1. Field of the Invention
  • [0003]
    The invention relates to an implantable medical device such as an anastomosis device and a deployment system for implanting the device. In a preferred embodiment, the device can be used for forming a sutureless connection between a bypass graft and a graft vessel.
  • [0004]
    2. Brief Description of the Related Art
  • [0005]
    Vascular anastomosis is a procedure by which two blood vessels within a patient are surgically joined together. Vascular anastomosis is performed during treatment of a variety of conditions including coronary artery disease, diseases of the great and peripheral vessels, organ transplantation, and trauma. In coronary artery disease (CAD) an occlusion or stenosis in a coronary artery interferes with blood flow to the heart muscle. Treatment of CAD involves the grafting of a vessel in the form of a prosthesis or harvested artery or vein to reroute blood flow around the occlusion and restore adequate blood flow to the heart muscle. This treatment is known as coronary artery bypass grafting (CABG).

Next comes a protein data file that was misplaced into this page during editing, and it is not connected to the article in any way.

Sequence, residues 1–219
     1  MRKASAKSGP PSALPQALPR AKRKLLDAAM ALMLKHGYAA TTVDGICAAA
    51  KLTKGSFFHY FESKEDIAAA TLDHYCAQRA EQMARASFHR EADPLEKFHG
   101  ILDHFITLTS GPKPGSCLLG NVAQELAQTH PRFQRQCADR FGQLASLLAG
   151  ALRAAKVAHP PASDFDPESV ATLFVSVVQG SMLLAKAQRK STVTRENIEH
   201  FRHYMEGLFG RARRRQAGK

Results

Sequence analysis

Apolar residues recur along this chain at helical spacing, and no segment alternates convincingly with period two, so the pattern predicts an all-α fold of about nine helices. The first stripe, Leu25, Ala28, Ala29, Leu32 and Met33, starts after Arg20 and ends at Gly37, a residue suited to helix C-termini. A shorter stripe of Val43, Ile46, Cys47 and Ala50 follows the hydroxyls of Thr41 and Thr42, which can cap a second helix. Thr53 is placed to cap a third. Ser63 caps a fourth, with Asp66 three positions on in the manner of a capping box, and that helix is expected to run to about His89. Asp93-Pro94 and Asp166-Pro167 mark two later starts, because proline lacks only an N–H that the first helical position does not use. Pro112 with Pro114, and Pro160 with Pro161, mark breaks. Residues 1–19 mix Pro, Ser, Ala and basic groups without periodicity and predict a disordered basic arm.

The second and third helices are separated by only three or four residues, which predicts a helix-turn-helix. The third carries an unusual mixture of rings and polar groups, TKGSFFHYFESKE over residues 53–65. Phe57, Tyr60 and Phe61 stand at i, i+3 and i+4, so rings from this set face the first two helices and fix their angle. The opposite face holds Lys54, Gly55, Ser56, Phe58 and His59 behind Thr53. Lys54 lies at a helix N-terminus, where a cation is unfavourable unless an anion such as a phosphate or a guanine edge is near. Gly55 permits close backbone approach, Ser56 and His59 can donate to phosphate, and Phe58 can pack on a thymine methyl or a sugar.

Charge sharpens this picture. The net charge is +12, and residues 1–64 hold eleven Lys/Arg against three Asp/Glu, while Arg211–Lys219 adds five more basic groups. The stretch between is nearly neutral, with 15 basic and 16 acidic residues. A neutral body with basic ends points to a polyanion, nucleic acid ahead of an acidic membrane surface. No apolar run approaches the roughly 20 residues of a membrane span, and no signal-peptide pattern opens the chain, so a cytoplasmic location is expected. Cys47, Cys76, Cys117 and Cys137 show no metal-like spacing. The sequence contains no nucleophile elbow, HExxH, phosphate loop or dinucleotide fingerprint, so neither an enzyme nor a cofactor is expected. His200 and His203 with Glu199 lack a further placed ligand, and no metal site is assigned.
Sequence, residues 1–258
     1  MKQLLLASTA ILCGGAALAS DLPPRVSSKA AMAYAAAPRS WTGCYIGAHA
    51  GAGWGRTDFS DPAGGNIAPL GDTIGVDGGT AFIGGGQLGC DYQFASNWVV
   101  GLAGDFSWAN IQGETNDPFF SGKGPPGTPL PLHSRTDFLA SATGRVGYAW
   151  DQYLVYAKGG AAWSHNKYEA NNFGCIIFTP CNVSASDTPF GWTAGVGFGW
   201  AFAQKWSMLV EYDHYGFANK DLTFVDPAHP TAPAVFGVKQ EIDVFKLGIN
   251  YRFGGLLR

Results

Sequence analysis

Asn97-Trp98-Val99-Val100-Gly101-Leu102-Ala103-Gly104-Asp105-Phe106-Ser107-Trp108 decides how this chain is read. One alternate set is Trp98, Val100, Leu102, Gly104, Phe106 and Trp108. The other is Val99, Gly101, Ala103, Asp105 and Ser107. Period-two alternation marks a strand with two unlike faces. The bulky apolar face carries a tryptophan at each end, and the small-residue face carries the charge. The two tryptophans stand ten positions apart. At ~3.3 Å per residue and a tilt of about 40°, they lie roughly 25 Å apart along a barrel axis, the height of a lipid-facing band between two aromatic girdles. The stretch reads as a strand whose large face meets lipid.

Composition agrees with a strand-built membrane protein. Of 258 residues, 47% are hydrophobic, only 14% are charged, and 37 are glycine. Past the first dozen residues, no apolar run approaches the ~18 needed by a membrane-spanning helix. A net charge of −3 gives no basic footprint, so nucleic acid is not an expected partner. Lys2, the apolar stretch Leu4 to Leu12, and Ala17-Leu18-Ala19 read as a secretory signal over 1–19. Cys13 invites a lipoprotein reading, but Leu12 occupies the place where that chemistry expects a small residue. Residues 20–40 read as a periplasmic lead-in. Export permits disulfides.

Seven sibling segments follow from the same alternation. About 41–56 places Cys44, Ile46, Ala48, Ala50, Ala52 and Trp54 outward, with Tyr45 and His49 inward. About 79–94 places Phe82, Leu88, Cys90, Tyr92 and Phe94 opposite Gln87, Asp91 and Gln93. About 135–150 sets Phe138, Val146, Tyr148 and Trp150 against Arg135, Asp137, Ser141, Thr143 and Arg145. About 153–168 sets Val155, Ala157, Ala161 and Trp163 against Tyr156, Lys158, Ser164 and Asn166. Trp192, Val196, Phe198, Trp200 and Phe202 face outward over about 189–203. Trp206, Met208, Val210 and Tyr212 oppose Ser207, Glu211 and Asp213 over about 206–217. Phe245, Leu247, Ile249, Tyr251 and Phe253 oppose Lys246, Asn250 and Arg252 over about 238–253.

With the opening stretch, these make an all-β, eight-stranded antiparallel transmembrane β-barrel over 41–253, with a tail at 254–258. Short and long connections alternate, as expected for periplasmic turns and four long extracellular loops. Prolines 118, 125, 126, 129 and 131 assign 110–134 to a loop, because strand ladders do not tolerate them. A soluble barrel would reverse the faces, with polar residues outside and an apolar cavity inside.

• [0006]
    In the conventional CABG, a large incision is made in the chest and the sternum is sawed in half to allow access to the heart. In addition, a heart lung machine is used to circulate the blood so that the heart can be stopped and the anastomosis can be performed. During this procedure, the aorta is clamped, which can lead to trauma of the aortic tissue and/or dislodge plaque emboli, both of which increase the likelihood of neurological complications. In order to minimize the trauma to the patient induced by conventional CABG, less invasive techniques have been developed in which the surgery is performed through small incisions in the patients chest with the aid of visualizing scopes. Less invasive CABG can be performed on a beating or stopped heart and thus may avoid the need for cardiopulmonary bypass.